Once I have answers, I know how to string all the pieces together in order to help someone get ahead
And that, right there, is what my higher purpose became. For so many years I wanted to simply earn a lot of money and have what I wanted to have.
As I got older, the world began to upset and annoy me. People began to upset and annoy me in ways I’d never considered when I was younger.
I realized I didn’t like where the world was headed and that others agreed with me. I realized I wanted to do something more than complain, more than sign petitions or rant on forums.
I wanted to enact change, not be a hypocrite
I’ve also became more intensely proactive later in life. I never could stand waiting for someone else to deliver me my answer or my help. But I only applied this attitude to my own needs.
As I got older, I found myself unable to NOT offer my drive, research skills, networking, and planning capabilities to anyone who needed them.
This sort of kicked off a new level of push and I began to strain against the chains to find more, faster and do more with it once I had it all. Then I began to look for partners.
And I LOVE it when I find another, like myself
I started building a team of people who were like me. The lineup has undergone many changes. Projects have come and gone. Some people fade back only to return much later and we explode into some new awesome endeavor together and it’s very exciting!
And that’s important. It’s one thing to enjoy being this way but another when you realize you still need help and you have to go find partners, friends, and associates.
You have to go out and make connections
You can’t be a storm of one, trapped in your own bottle. You’ll never accomplish anything great. So, I went looking for my tribe. And the act of doing so expanded the scope of the adventure even more!
Now, I enjoy waking up and facing the tasks required to build my business larger and to expand my reach. I enjoy meeting the kinds of people I meet in the process of extending my reach, fixing my own problems, and developing new relationships for all kinds of reasons.
Don’t get me wrong. It’s often hard, often involves lack of sleep, and often is not fun. Plus, life has an annoying tendency of getting in the way of the rest of my empire building plans.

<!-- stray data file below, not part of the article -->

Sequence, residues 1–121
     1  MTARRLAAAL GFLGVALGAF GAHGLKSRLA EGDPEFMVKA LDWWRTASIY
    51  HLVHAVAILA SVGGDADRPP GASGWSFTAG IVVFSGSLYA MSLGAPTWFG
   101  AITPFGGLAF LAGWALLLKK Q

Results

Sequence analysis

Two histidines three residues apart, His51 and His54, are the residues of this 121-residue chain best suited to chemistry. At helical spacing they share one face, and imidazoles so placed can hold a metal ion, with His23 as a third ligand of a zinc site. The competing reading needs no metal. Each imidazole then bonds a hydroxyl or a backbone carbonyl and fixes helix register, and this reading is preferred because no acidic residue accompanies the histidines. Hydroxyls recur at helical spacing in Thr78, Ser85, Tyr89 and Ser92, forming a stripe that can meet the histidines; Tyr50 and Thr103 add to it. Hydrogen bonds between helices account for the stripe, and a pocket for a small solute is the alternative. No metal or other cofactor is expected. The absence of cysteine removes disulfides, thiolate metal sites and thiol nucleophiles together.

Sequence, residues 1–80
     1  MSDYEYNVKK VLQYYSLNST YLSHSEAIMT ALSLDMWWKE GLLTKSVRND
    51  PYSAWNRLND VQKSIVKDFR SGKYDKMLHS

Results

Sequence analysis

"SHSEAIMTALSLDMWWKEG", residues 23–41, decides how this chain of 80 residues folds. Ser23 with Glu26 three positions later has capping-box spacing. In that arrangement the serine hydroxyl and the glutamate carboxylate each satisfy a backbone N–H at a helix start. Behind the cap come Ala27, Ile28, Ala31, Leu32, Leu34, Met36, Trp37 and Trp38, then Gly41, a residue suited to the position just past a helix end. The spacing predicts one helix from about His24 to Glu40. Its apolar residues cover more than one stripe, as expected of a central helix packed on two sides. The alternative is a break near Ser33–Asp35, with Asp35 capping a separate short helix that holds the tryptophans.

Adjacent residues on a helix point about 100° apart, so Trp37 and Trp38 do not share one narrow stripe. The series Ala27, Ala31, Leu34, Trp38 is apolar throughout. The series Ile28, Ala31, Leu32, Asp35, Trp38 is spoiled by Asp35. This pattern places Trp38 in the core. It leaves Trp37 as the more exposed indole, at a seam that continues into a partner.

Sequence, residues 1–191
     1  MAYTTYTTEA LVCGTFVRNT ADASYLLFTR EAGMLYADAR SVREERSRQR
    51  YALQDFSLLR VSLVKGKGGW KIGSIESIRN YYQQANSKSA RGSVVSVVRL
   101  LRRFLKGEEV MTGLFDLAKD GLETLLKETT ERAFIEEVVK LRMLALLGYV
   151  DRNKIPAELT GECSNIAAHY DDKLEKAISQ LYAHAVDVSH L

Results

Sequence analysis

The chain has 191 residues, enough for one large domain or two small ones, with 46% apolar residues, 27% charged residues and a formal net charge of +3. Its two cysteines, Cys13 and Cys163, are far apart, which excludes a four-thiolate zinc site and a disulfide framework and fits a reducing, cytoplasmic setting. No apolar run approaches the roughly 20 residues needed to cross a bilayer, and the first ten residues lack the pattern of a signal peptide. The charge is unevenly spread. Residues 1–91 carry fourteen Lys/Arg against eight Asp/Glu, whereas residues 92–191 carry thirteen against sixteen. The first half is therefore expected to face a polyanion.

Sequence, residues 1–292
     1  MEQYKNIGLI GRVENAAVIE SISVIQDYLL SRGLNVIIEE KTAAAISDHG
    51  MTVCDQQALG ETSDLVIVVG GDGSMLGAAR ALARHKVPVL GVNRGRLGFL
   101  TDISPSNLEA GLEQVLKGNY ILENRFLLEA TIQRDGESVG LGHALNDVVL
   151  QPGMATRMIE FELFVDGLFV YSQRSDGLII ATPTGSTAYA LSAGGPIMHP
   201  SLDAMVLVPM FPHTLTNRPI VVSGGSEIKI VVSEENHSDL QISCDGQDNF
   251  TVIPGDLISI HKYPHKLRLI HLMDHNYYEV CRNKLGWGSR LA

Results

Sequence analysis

But my higher purpose, to make a difference in this world and to leave a legacy for my son, drives me ever onward
That’s a key point. This purpose has not so much to do with you, even though you’re trying to find your happiness, as it does with applying all your strengths toward helping another.
In your pursuit of happiness, you’ll find it is only to be gained by helping some other person find THEIR happiness.
You have to dig into your own heart and mind and find what it is that would make you wake up with fire in your belly.
You need a reason to exist beyond getting paid. You need to be honest with yourself about the direction your life’s headed. You don’t have to save the world. You can work on a very small, very local level if you’d prefer.
But take the focus off yourself and aim it at another, and see what happens.
How well do you spend your time and are you truly getting the most use for it that you possible can?
You need to become acutely aware of the fact that your number one resource, time, is a finite device and will run out, possibly in the next second or two. You don’t know. In the face of that, how well are you utilizing this resource?
On the flip side, discover what it is that does fuel your engine, tackle it head on, and you’ll never be worried about time. You’ll be having too much fun inventing, developing, enacting, planning, and helping to see how much time has gone past.
But unlike before this discovery, you’ll have a track record and proof of your efforts – a legacy – that will always be there for your study and will always be there to prove that you did something great with your life. Something that made your friends and family or whoever means the most to you, proud.
You’ll have done more than just repeatedly show up to “Make the Donuts”.